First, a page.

In addition to the fantastic materials available by Scott Flansburg , you may also want to take a look at the following two books by Mr. Bill Handley:

Speed Mathematics: Secret Skills for Quick Calculation
Speed Math for Kids: The Fast, Fun Way To Do Basic Calculations

Also, Edward H. Julius has some very good books on Rapid Math Tricks, too!

When it comes to math, are you more of a "hands on" type of person?  There is a calculating system just for you - literally.  Have you heard about "Finger Math"?   I was impressed by a demonstration that I had seen on a Talk Show by some young children.  They called it Chisenbop/Chisanbop (Korean for finger calculation).  No pencil nor paper - just fingers being used to perform some hefty calculations - columns of numbers, multi-digit multiplication, division, etc.  The technique is based on some of the same techniques used when working with an abacus.

For further information:
Mind Performance Hacks: Tips & Tools for Overclocking Your Brain by Ron Hale-Evans  
(see Chapter 4 Math ... Turn Your Hands Into An Abacus)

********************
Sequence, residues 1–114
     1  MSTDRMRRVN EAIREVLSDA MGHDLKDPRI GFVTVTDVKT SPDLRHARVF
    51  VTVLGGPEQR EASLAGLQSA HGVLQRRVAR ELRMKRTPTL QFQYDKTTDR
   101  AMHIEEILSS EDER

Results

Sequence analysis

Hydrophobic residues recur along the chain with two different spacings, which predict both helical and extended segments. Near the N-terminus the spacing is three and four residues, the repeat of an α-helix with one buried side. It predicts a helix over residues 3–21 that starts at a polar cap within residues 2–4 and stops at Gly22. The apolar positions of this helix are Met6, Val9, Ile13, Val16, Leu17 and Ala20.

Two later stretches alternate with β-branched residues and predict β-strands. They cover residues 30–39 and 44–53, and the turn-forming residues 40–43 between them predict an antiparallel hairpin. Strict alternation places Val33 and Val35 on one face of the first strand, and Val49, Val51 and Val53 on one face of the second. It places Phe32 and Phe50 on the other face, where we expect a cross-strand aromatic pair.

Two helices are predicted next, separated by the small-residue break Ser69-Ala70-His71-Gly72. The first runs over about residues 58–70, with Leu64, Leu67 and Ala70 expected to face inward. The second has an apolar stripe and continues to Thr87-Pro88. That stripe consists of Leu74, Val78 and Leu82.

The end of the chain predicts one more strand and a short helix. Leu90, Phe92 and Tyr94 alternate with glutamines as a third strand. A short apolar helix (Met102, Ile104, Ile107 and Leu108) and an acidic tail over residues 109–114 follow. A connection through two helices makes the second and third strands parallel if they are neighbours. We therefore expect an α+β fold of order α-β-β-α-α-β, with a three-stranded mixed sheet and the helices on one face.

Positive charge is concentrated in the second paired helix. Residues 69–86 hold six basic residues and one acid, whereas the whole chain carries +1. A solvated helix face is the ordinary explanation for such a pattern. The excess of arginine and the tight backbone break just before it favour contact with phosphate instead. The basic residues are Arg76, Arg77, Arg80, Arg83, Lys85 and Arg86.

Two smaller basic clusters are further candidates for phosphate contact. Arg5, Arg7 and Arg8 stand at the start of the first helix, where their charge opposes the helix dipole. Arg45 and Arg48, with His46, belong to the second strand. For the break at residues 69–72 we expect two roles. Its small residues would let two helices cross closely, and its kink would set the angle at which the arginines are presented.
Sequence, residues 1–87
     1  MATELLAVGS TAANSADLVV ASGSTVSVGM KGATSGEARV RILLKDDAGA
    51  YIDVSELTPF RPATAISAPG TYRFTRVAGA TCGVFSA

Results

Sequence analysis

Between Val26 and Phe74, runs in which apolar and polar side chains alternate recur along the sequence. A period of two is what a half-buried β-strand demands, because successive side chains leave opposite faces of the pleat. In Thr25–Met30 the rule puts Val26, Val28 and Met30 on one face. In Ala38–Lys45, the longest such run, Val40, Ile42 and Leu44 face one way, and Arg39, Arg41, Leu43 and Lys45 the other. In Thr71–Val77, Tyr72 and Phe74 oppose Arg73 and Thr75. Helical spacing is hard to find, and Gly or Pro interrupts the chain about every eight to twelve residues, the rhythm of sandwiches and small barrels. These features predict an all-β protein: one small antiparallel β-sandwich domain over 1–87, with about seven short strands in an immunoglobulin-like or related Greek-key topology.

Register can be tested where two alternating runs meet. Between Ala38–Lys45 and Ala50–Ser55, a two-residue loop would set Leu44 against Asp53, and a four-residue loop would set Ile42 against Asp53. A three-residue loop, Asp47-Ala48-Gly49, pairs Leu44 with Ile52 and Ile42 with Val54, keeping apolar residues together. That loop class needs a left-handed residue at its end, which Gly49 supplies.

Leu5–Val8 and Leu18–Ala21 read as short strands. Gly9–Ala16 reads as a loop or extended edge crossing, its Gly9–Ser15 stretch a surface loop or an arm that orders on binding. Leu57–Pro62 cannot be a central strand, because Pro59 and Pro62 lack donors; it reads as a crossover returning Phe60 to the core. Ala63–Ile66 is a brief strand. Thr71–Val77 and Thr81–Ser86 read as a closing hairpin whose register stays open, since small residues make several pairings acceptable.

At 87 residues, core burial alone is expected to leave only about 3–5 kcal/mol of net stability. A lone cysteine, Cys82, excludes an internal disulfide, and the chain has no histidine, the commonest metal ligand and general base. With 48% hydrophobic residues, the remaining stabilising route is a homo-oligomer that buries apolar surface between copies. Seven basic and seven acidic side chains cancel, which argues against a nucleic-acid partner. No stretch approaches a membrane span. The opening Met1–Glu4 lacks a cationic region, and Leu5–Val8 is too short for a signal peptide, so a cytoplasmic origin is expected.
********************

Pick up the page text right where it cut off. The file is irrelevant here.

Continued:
The Complete Book of Fingermath: Simple, Accurate,Scientific by Edwin M. Lieberthal
The Complete Book of Chisanbop : Original Finger Calculation Method by Hang Young Pai, Sung Jin Pai

There are some online tutorials available, too:

ChisanbopTutorial 1

Chisenbop Tutorial 2 

Also, check these out on YouTube:

Chisenbop addition and subtraction

Finger Math: The Basics

Cute Child Demonstrating Technique

There is much more information available!  Just search the internet and specific sites (like YouTube)  using the key words: "Finger Math", "Chisenbop" or "Chisanbop".

Tuesday, July 20, 2010

May I Please Have Your Undivided Attention!

We have, no doubt, heard someone address a crowd or group with the words, "May I please have your undivided attention". The same words, more or less, are appropriate in our everyday conversations and relationships with family, friends, co-workers, clients, etc. This is not to say that we do not need to have several things accomplished by the end of the day. It does mean that instead of juggling and giving "time slices", we learn to really "be there" in the moment and honor the person we are with or do justice to a task by being engaged, rather than half-hearted. Ever seen the bumper sticker, "I'd rather be fishing"? Speaking from personal experience, the way the person was driving his/her truck - I also wish he/she was off the road and in a boat! We've recently become aware of the dangers of texting or talking on a cell phone while driving. Everyone THINKS they can do it successfully; in reality, driving performance is degraded - and so is the conversation!

In her blog, Laura Grace Weldon has some interesting insights on the subject of multi-tasking:

This reminded me of something I had read by Metropolitan Anthony (Anthony Bloom) years ago. In his book, Metropolitan Anthony writes: